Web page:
capfox: (Serious Chipp)
[personal profile] capfox
Going about and trying to change the past? That always goes well, right?

Book #59: The Revisionists
Author: Thomas Mullen
Provenance: Borrowed from Westmount Library

Sometimes, when we look back at history, we can see a clear line of a chain of events that comes up to some climactic point, and people wonder, well, what if we had stopped this, or changed that? Could we have avoided the whole thing, if we had managed to save that guy's life, or broke the code sooner, or something? But however it is, you get the world the way it is now.

But if you have time travel, well, why not go back and change it? Although... maybe you like the way things ended up, even if it was horrible to get there. Maybe if you have time travel, you try to make sure the bad things in the chain happen, so you can get to the shining future you want. It's a hell of a job to have, probably. But that's our Zed's job. He's come back from the future into modern-day DC to make sure things play out the way the future utopia needed them to play out, even if that means a magnificent cataclysm that will require people to learn the multiple of decimate to count all the dead, in the end.

That's our setup for Mullen's book, a multiple POV piece where one of the viewpoints is our future fixer Zed, with the others taken up by a young lawyer, an immigrant maid in a diplomat's residence, and a contractor who's just been cut off from the government. For all of the science-fiction trappings, they basically sit mostly within Zed's viewpoint; he has to keep a low cover to not disrupt the timelines further, after all. The rest of the book is more of a story of modern government, diplomats and bureaucracy and small projects of skulduggery, all connecting our characters together.

In many ways, really, this is a government thriller, a story that asks about the power of an individual against the bureaucracy and the systems of the world, against history. It's a story of alienation, with all of our characters feeling out of place, geographically, temperamentally, temporally. These are themes straight out of Kafka, but it's not like the world's changed that much since then. Even world-shaking events can't break the hold the idea of systems have on us, after all.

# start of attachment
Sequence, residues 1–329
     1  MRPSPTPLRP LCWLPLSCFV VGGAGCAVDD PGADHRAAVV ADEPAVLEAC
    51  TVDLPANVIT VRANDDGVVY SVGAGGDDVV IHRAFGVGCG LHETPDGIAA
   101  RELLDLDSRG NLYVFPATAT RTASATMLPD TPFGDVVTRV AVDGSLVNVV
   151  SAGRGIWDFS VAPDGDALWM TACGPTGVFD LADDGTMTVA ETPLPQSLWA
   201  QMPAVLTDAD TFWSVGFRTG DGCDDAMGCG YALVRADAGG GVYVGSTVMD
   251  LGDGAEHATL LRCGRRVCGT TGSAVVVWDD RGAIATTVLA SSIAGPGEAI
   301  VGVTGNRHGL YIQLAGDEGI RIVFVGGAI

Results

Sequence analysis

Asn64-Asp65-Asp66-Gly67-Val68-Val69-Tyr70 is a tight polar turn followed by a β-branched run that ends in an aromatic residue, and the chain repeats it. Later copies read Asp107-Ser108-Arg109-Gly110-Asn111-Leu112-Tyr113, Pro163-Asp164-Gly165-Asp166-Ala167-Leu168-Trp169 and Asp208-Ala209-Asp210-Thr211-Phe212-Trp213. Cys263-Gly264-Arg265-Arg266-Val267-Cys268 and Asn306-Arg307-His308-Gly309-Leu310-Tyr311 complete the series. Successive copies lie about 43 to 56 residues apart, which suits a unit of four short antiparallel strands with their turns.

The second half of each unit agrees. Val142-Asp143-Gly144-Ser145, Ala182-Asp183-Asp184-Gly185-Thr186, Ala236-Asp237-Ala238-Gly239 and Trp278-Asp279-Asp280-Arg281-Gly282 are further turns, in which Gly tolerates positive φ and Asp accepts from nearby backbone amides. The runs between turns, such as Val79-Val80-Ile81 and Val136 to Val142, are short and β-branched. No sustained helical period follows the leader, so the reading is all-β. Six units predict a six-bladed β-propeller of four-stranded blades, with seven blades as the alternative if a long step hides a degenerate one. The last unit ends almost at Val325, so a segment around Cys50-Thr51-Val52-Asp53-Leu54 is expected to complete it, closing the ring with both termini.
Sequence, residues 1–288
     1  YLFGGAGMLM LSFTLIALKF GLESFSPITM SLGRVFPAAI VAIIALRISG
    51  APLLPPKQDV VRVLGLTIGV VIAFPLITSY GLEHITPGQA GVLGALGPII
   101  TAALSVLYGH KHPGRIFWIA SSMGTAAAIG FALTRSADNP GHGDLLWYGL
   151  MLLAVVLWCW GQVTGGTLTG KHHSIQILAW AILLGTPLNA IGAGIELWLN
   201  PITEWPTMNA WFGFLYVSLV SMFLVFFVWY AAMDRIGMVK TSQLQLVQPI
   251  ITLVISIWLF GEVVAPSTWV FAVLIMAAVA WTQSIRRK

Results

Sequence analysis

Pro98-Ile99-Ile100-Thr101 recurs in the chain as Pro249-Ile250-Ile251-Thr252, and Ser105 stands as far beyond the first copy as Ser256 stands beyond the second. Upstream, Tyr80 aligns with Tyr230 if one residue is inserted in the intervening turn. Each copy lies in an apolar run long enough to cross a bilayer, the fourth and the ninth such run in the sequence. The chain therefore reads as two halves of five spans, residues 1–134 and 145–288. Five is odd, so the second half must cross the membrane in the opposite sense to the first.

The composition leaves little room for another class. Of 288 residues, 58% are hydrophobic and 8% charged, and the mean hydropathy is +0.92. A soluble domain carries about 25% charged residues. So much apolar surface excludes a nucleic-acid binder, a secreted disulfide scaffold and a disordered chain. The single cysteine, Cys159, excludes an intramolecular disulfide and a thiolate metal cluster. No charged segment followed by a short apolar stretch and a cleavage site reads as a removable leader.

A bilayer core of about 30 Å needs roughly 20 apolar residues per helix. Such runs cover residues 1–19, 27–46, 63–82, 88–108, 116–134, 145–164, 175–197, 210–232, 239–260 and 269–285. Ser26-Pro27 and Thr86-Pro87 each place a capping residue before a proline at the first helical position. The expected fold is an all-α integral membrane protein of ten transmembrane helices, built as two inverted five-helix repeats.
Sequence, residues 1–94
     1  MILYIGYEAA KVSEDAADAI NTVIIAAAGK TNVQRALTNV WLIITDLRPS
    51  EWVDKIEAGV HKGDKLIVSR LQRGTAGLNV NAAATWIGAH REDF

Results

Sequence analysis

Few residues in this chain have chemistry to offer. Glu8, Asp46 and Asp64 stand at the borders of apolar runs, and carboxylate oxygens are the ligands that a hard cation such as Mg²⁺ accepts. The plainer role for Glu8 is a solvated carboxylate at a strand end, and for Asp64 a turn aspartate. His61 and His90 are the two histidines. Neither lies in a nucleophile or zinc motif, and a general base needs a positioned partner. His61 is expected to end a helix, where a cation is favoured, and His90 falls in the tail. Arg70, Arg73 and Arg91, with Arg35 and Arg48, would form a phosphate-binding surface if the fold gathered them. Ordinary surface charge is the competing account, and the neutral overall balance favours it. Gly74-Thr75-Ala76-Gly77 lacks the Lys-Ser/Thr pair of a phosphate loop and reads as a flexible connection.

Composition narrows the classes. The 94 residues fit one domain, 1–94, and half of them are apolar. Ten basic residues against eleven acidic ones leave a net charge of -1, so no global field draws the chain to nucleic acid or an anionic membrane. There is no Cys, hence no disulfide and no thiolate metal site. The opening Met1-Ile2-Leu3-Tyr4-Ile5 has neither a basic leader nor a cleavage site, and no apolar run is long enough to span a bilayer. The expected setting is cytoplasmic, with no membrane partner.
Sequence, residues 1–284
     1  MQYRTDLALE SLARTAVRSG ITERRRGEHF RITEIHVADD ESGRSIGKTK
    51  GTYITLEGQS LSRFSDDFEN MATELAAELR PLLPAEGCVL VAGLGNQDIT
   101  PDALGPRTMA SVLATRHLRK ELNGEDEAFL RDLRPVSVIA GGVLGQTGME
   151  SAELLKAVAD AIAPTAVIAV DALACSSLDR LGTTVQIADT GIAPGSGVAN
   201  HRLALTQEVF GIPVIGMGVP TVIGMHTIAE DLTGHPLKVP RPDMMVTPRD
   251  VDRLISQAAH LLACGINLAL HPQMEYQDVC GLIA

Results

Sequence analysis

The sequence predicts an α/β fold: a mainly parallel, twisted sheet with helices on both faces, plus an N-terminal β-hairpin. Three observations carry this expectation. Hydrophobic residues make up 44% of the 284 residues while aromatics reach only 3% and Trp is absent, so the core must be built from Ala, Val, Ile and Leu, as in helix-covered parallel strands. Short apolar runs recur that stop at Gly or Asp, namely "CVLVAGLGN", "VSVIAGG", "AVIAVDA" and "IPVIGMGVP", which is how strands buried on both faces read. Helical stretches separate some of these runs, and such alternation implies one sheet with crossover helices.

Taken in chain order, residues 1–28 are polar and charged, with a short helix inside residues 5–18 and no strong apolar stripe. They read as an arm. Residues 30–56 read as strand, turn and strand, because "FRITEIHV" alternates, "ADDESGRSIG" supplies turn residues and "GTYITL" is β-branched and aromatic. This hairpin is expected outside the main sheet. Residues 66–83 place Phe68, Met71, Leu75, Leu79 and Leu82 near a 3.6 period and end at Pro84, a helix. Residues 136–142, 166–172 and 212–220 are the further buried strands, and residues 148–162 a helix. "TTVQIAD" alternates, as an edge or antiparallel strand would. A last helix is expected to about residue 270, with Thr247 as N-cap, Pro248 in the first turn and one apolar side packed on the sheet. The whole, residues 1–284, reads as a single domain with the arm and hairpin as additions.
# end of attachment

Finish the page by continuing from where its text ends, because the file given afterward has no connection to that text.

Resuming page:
But as I say, this is science-fiction, and a character piece, and a DC thriller, rolled into one. They should clash more than they actually do, all the different modes, but Mullen actually does a pretty good job of holding them all together. The characters have clear, different voices, and there's a good amount of world-building on Zed's side, to get a real sense of the future, and the way he looks at the present. But the SF-ness of it goes away somewhat over the course of the book. Mullen had a good run of it, and there's a lot to recommend it, but I can't say he totally stuck the ending. Still, it actually all comes together well enough, and that's pretty impressive.

In the end, I don't think this quite came together as cleanly as I'd have liked, but it actually works well enough, down to some nice, real ambiguity about some of the narration. And it grapples with the consequences of doing bad things to try to keep your shining future ahead of you, along a number of different axes, and that's a rich theme to explore. I can't recommend it totally unreservedly, but it's definitely worth a try if you like some time travel in your reading diet, or some low-key piecing-it-together informational thrills. Mullen's an inventive guy; I should try more of him. But this isn't a bad place to start. Zed's a good place to end, though.

Next up: Sigh. Maybe actually Paper Towns. Maybe that Jim Holt book.
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